Facebook and Twitter’s growth challenge

by Jan Dawson   |   February 14th, 2014

Facebook and Twitter are at different points in their histories: Facebook just celebrated its 10th anniversary, generates profits each quarter, and has become a dominant force in global social networking, while Twitter has a fraction of Facebook’s users, loses money and seems to suffer from a crisis of identity about its role in the world. But the two companies share a common path to growth, and it’s instructive to look at where each of them is on that path.

Fundamentally, both companies need to do three things: grow users, get their users more engaged, and then find ways to monetize that engagement. Twitter actually makes this pretty explicit, but both companies provide metrics that allow us to measure how they’re doing on each of these three strategic objectives.

User growth has peaked at both companies

First, user growth. The chart below shows the growth in the number of monthly active users (MAUs) year on year at both companies, as reported by each of them.

Twitter and Facebook growth in MAUsWhat’s clear is that both have peaked in terms of user growth. Facebook peaked way back in early 2011 at around 260 million new users year on year, whereas Twitter seems to have peaked in 2013 at around 70 million new monthly users year on year.  Since user growth is the major lever for overall growth, this is notable in its own right, but it’s particularly worrying for Twitter at 232 million monthly active users than it is for Facebook at a billion more. To be clear, both are still adding subscribers at a decent clip, but the pace of growth has slowed at both, suggesting that if that growth happens in an S-curve as it typically does, both are already in the top half of the S. Twitter appears to recognize this, and on the recent earnings call CEO Dick Costolo talked about the challenge of shifting from a world where growth just “happened to” Twitter to one where the company actively has to seek growth. But recognition that something has to be done is not the same thing as knowing what to do about it. Unless Costolo and his colleagues can figure this out, Twitter’s future growth will necessarily be constrained and it’s doubtful it will ever come close to Facebook’s scale.

As context for Twitter’s current scale, here’s a chart that shows user numbers for various other popular services:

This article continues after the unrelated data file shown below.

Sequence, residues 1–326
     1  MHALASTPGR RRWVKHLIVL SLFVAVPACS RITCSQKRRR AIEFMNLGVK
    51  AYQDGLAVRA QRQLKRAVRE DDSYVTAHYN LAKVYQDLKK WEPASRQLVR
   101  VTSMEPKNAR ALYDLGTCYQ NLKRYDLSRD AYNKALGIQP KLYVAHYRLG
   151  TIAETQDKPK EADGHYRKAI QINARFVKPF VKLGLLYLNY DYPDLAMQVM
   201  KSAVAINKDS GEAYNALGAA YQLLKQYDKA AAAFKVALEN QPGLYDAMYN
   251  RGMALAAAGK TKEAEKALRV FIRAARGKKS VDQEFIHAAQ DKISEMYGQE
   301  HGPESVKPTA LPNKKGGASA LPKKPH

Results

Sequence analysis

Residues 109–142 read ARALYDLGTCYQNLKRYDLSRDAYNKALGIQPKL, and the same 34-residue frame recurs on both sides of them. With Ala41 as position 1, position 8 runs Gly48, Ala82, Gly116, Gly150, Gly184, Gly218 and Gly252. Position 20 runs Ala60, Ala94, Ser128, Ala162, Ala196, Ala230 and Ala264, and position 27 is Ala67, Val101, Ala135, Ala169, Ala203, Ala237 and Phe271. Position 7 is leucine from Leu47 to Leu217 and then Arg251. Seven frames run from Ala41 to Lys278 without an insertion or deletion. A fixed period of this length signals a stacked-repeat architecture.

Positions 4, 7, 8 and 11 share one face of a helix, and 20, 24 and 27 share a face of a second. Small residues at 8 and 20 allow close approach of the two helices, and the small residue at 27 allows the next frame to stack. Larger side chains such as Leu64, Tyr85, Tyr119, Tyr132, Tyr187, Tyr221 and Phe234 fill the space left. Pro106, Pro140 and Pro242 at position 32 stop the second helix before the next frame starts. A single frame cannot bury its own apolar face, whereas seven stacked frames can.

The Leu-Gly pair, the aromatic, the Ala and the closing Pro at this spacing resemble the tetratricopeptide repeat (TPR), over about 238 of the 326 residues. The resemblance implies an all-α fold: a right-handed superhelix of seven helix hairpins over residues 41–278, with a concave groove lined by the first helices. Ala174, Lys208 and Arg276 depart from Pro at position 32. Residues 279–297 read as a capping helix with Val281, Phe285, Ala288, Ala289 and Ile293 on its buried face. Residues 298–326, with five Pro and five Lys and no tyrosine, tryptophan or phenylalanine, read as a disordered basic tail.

User accounts for major servicesTwitter is shown in light blue, and although it’s recently passed Amazon’s number of active user accounts, it’s far behind Apple’s iTunes and iCloud user numbers, and just barely ahead of the number of Dropbox accounts, which is also growing more rapidly. If Twitter is going to be a mass-market phenomenon globally it needs to both grow significantly more quickly and achieve significantly greater scale.

Engagement

Twitter talks explicitly about engagement, and uses timeline views per MAU as its chief measure of engagement. Facebook doesn’t talk about it in quite the same way, but it does provide regular reporting on its daily active users, which are a good proxy for the proportion of users who are actively engaged.  The chart below shows these engagement metrics for Twitter and Facebook. The first chart shows timeline views per MAU for Twitter, while the second shows the percentage of MAUs who are also daily active users at Facebook.

Engagement measures for Twitter and FacebookThe good news for both companies is that these metrics are very much heading in the right direction. The exception is the most recent quarter for Twitter, where timeline views per MAU actually fell, but this was the result of tweaks to the Twitter mobile apps, which led to less going back-and-forth to and from the timeline, depressing overall numbers[ref]See Dick Costolo’s remarks on the earnings call[/ref]. So it’s a one-time downward adjustment of the curve rather than a sign of a longer-term downward trend.